Users of Amazon Web Services saw fewer service interruptions than users of the other two big providers of public cloud infrastructure services – Google Cloud Platform and Microsoft Azure – in 2014, according to two different companies that analyze cloud downtime.
Azure saw more than 500 service interruptions and two major outages last year, according to CloudEndure, a company that helps companies migrate applications onto public cloud infrastructure. AWS experienced about 230 service interruptions and no widespread outages, according to CloudEndure.
CloudEndure’s analysis, released this month, is consistent with that of CloudHarmony, which specializes in cloud reliability analysis. CloudHarmony’s CloudSquare service provides much more granular data across many more providers than CloudHarmony does.
Amazon EC2, the compute component of AWS, saw about 10 outages across multiple regions in 2014, lasting from 19 seconds to about 9 minutes, according to CloudHarmony. Google Compute Engine had about 60 that lasted from 10 seconds to 37 minutes. Azure Virtual Machines saw more than 100 outages, lasting from 10 seconds to about 12 hours on one occasion.
Each outage CloudHarmony tracks is an outage of an entire region, versus service errors tracked by CloudEndure.
Azure’s big multi-region outages happened in August, when the provider reported full service interruptions across multiple regions, and in November, when about 20 services were interrupted in most of its availability zones. The 12-hour single-zone outage was on November 5 in the asia-east zone, which went down multiple times that day and once on the preceding day.
The uptime ranking of the three providers’ storage services was different. Google Cloud Storage had eight single-zone outages during 2014; Amazon’s S3 service had about 20; and Azure Object Storage saw nearly 140 outages.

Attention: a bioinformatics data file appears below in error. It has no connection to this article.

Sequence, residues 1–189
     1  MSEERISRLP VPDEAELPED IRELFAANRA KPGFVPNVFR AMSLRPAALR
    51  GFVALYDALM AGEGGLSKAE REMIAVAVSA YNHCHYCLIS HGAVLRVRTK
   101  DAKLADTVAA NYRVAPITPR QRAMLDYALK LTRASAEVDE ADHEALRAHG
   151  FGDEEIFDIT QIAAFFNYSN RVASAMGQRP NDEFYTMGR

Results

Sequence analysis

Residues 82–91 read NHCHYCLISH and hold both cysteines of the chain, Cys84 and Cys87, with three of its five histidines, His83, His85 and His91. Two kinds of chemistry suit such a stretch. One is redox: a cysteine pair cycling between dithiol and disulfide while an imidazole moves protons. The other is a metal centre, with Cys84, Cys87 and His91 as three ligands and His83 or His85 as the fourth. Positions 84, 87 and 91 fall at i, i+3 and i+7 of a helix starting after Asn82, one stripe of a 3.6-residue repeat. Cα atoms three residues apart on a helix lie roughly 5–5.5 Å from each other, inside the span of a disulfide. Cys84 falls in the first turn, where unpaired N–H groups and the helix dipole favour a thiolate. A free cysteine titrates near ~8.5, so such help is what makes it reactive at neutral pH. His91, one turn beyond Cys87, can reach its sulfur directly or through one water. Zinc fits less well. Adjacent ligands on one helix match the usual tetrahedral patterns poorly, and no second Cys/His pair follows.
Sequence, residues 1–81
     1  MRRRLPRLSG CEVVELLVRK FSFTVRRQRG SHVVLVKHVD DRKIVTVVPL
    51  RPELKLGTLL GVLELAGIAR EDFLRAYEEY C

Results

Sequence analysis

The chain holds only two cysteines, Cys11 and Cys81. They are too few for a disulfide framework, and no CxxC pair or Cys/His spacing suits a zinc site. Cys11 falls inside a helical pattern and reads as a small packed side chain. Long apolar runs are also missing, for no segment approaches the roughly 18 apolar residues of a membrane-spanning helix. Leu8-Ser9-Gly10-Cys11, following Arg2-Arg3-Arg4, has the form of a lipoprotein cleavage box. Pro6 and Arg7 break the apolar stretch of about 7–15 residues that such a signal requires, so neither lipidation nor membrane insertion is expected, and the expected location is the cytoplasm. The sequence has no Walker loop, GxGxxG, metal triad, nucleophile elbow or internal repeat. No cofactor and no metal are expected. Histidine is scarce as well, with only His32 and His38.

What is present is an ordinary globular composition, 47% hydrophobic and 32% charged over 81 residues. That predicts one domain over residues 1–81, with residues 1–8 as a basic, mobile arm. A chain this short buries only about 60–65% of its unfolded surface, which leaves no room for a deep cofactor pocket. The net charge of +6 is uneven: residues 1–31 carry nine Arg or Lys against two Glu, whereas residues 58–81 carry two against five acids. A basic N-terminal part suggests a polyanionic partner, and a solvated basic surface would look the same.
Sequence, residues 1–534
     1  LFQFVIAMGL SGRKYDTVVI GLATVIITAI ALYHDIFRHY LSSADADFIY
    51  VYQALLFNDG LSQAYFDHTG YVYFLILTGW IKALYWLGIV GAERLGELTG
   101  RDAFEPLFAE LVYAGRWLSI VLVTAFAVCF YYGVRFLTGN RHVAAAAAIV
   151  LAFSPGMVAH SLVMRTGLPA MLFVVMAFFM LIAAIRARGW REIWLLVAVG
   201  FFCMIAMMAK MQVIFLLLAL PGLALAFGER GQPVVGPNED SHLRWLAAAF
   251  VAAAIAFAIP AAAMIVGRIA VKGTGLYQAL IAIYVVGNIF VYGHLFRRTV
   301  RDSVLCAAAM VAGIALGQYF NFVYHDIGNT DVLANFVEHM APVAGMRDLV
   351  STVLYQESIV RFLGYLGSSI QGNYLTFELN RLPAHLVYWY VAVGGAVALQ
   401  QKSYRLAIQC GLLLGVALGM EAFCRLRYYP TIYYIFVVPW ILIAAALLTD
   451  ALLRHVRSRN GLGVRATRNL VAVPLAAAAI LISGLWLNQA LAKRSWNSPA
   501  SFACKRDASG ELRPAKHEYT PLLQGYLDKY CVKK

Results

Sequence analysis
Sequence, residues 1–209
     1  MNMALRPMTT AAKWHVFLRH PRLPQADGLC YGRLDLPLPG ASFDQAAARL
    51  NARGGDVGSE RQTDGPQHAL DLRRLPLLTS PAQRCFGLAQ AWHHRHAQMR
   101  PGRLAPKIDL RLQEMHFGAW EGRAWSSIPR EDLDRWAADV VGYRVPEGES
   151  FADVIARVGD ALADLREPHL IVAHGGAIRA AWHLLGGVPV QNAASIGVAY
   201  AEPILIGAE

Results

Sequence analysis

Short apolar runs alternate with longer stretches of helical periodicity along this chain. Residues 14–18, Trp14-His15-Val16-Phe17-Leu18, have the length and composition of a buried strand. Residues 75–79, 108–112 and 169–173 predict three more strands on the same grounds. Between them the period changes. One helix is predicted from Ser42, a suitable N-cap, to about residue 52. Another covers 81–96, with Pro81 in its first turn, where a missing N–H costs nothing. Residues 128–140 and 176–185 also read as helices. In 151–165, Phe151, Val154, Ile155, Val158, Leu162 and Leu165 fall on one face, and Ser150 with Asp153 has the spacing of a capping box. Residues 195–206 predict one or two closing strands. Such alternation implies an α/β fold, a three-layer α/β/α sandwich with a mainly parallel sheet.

Azure and AWS error rates reduced consistently throughout the year. AWS went from 127 errors in the first quarter to 26 in Q4, according to CloudEndure. Azure went from about 260 errors in Q1 to about 200 in Q4. CloudEndure has not analyzed Google’s cloud reliability record.
As Ofir Ehrlich, vice president of research and development at CloudEndure, pointed out in a blog post, service providers’ ability to maintain uptime is important, but the top reason user applications go down is human error. To guard against that, it’s important to set up resilient multi-region failover architecture whatever cloud provider you’re using.
The most resilient option is being able to failover from one provider to another. As Verizon Cloud Services demonstrated earlier this month, outages across a single provider’s entire cloud are possible. The two days of downtime were intentional, to apply some upgrades, yet customers that did not set up cross-provider failover had to accept the unusually long maintenance window. Verizon later said part of the upgrade was to make it possible to apply updates in the background, without taking services offline.